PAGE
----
Where is that AMI? can’t find it in my aws console…

  4. AK
    Posted March 23, 2013 at 11:53 am | Permalink

    That’s a cost I can bear. Someone just has to come up with a tut/walkthrough about how to do it on/with AWS for mere mortals.

  5. Posted March 23, 2013 at 1:10 pm | Permalink

    Basic attempt at a “mere mortals” version:

    a.) the AMI is only in us-east, as far as I can tell
    b.) once you have an AWS account, go to the dashboard and to “AMIs” in the sidebar
    c.) search “public images” and “all platforms”, wait a while for it to actually finish searching, filter to ‘warrior’, and choose the one that matches the number here
    d.) click ‘spot request’ button, fill in form with price/etc. I’d recommend turning “Persistent” on and setting an end date of April 1.
    e.) click through and do whatever bits it asks, mostly you don’t need to care
    f.) profit

    re: retries, the archiveteam tracker will automatically do that via some criteria — if nothing else, when it runs out of other items to do, AFAICT, it’ll reassign old ones. Code is on github if someone’s inspired to go spelunking.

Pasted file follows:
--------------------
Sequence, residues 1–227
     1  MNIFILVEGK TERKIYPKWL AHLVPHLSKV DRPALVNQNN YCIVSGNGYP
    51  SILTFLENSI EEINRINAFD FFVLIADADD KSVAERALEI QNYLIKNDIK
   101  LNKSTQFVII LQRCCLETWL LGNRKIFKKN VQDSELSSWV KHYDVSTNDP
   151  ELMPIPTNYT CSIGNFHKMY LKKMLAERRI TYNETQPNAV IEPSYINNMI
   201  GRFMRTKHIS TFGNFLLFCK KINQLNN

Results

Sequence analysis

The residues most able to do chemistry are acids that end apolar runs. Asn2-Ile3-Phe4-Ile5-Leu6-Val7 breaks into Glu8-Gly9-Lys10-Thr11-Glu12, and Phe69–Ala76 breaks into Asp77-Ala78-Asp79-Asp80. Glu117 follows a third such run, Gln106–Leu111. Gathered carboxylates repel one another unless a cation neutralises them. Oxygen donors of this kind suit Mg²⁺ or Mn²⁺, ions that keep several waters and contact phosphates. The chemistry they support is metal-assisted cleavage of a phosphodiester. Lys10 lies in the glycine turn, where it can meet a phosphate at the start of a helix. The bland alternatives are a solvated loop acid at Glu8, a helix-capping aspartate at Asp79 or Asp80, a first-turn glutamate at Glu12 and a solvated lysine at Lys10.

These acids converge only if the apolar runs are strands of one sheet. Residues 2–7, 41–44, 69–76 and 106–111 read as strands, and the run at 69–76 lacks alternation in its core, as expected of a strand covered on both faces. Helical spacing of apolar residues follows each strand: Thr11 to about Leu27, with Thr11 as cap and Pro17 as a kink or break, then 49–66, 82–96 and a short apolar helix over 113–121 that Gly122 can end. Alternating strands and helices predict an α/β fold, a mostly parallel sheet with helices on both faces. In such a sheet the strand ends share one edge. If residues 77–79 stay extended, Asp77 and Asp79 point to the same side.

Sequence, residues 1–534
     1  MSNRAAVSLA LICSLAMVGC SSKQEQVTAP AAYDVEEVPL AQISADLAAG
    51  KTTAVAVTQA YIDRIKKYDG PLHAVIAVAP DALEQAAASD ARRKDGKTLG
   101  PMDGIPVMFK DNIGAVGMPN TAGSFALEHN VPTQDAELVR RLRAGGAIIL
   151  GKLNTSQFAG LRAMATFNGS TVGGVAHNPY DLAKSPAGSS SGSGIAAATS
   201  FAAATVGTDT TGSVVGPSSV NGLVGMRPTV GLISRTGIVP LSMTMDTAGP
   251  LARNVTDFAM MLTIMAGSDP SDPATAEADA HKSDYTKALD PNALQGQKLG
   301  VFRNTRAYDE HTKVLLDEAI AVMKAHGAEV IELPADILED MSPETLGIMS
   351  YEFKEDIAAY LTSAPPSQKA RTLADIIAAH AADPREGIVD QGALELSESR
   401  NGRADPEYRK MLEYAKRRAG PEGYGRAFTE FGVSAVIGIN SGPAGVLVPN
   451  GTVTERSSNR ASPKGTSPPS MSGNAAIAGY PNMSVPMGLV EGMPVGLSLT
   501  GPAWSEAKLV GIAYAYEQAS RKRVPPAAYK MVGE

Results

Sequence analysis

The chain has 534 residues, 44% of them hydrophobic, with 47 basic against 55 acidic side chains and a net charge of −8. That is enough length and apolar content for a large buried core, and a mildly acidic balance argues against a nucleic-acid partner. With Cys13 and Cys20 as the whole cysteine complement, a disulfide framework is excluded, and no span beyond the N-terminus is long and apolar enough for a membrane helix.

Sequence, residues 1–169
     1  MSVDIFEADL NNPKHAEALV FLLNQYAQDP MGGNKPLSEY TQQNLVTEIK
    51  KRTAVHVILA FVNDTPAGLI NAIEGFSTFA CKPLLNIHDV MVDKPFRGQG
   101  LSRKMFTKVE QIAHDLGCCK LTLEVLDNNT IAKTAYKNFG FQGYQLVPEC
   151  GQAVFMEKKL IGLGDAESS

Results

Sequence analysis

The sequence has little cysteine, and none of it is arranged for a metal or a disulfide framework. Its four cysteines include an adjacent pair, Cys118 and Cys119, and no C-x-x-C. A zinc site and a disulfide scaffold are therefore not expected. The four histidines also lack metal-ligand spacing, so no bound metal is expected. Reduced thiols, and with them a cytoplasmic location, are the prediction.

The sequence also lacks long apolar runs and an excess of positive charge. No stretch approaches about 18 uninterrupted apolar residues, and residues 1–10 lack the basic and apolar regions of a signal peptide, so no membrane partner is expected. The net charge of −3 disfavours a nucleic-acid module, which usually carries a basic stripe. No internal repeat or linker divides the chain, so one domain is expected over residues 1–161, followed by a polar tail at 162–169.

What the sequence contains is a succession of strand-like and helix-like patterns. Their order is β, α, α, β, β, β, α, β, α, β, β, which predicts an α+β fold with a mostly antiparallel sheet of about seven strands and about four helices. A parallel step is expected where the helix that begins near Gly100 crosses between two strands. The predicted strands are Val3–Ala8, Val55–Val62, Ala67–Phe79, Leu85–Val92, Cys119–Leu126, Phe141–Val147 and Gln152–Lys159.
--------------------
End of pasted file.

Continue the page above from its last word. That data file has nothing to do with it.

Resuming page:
6. Posted March 23, 2013 at 1:10 pm | Permalink

    Scott: it uploads periodically, so only the last batch it was crawling will be lost.

    JB: you may need to search under “all AMIs”

    AK/Andyfoo: I’ll see what I can come up with.

  7. Mark
    Posted March 23, 2013 at 2:13 pm | Permalink

    This sounds like a silly question, but what happens if I request 10 instances instead of the default 1? Will I be doing 10x as much good for the project (at 10x the AWS bill)? Assuming I can afford it, is there a practical limit to how many instances I can run?

  8. Posted March 23, 2013 at 2:34 pm | Permalink

    You’ll be doing about 10x as much good/price, yes!

    There’s a practical limit after which you have to contant Amazon to increase. That limit is 100 spot instances (or 20 on-demand), according to AWS repos on Quora.

  9. TryingToHelp
    Posted March 23, 2013 at 3:26 pm | Permalink

    Trying to follow the steps you have listed in the gist there, but this fails:

    # git clone https://gist.github.com/5226491.git setup-config && cd setup-config
    Cloning into setup-config…
    error: The requested URL returned error: 403 Forbidden while accessing https://gist.github.com/5226491.git/info/refs

    fatal: HTTP request failed

    Thoughts?